We’re seeing a few corn growers add 30 to 40 bu. onto yields with season-long nutrition and biological products including microbial blends and biostimulants. Their corn has fully mature ears testing around 18% to 20% moisture — while stalks still are alive with lots of green leaf area and fully functional xylem and phloem circulation.
October 12, 2020 — One example of keeping corn healthy until frost is the first photo below, from farmer/agronomist Mike Williams, Pocahantas County, Iowa. He shot this photo while combining at night, September 28. Corn was testing about 19% moisture and the yield monitor hovered around 241 bushels.
This corn is on the same farm as the field shown in our Oct. 3, 2019 report on Mike’s green corn at harvest.
Mike uses a “whole slew” of yield boosters applied with the planter. They vary from year to year, but here’s a “generic” list that can be profitable in-furrow:
1. Vitazyme, the well-proven biostimulant for all crops, made by Vital Earth Resources in Texas. This link takes you to a listing of more than 20 years of field trials with Vitazyme. If you bring up the corn trials, you’ll see some of the trials where our Renewable Farming field trials were done in cooperation with Vital Earth’s head of research, Paul Syltie.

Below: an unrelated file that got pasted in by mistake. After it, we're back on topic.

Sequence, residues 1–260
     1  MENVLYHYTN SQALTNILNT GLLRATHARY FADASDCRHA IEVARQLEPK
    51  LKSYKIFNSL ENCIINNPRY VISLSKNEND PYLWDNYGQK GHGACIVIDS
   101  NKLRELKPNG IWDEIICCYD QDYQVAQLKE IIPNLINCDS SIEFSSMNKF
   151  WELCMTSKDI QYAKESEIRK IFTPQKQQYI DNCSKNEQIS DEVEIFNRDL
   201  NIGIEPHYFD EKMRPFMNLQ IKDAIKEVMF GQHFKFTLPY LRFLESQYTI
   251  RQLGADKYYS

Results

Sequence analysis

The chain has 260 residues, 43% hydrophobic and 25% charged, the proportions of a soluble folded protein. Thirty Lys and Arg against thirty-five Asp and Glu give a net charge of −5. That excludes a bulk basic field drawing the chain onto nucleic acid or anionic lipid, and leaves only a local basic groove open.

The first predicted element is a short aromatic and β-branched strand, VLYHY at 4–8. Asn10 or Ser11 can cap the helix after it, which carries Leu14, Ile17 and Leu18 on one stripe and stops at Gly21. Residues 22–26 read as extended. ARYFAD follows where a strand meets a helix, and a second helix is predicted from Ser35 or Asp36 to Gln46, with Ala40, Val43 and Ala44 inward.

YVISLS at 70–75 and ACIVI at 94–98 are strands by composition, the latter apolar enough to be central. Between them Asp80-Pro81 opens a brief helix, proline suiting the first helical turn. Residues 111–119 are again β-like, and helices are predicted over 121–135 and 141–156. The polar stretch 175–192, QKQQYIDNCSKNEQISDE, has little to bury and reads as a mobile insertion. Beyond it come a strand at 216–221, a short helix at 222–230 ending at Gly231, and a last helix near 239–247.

2. A source of energy for live microbials placed in-furrow such as sugars, humic acid, fulvic acid or other humate products. Mike often uses a sugar sold by Conklin called Syntose FA. Renewable Farming has long recommended a sugar source in-furrow. Mike Williams likes it — “cheap and effective.”
3. A microbial mix such as Biodyne’s Environoc 401 for spring application in-furrow.
4. WakeUP Spring is included at about 3 ounces per acre as a surfactant, penetrant and carrier which accelerates product movement through soil and into emerging roots.
5. Low-salt NPK intended for in-furrow use.
This season, Mike’s field in the first picture below also had two more applications of sugar along with RespiteRx, a 20% potassium formulation from Biodyne USA.
Mike Y-dropped additional boron during the peak of vegetative growth stage. (Boron is often short in central Iowa soils.)
Further, Mike has been a consistent user of fall residue digestion products, such as Biodyne’s Meltdown, which multiplies soil’s natural biological activity.
The main objective of season-long nutrition and biological boosters: Instead of applying just dry fertilizer and anhydrous in the fall, plus (perhaps) more nitrogen before planting, farmers who build soil health typically spoon-feed crops through the growing season. Often, they monitor tissue analysis or sap analysis for clues on what to foliar-feed or Y-drop.
Here’s a quick preview of another green field, this one also in North Central Iowa’s rain-deficit belt. The single-product trial on this sandy field: the endophyte microbial BioEnsure from Adaptive Symbiotic Technologies.
This photo was taken Oct. 1, 2020 and shows a significant percentage of green leaves in spite of only about 4 inches of rain in July through August. Where there was at least some sandy loam — not “almost pure sand” hilltops — the combine monitor was showing well over 200 bushels. Yield dropped sharply where the soil couldn’t retain much moisture, but at least the loamy parts of the field lifted the overall average above 160 bushels. The story on BioEnsure and its companion product, BioTango, is developing as we accumulate more data.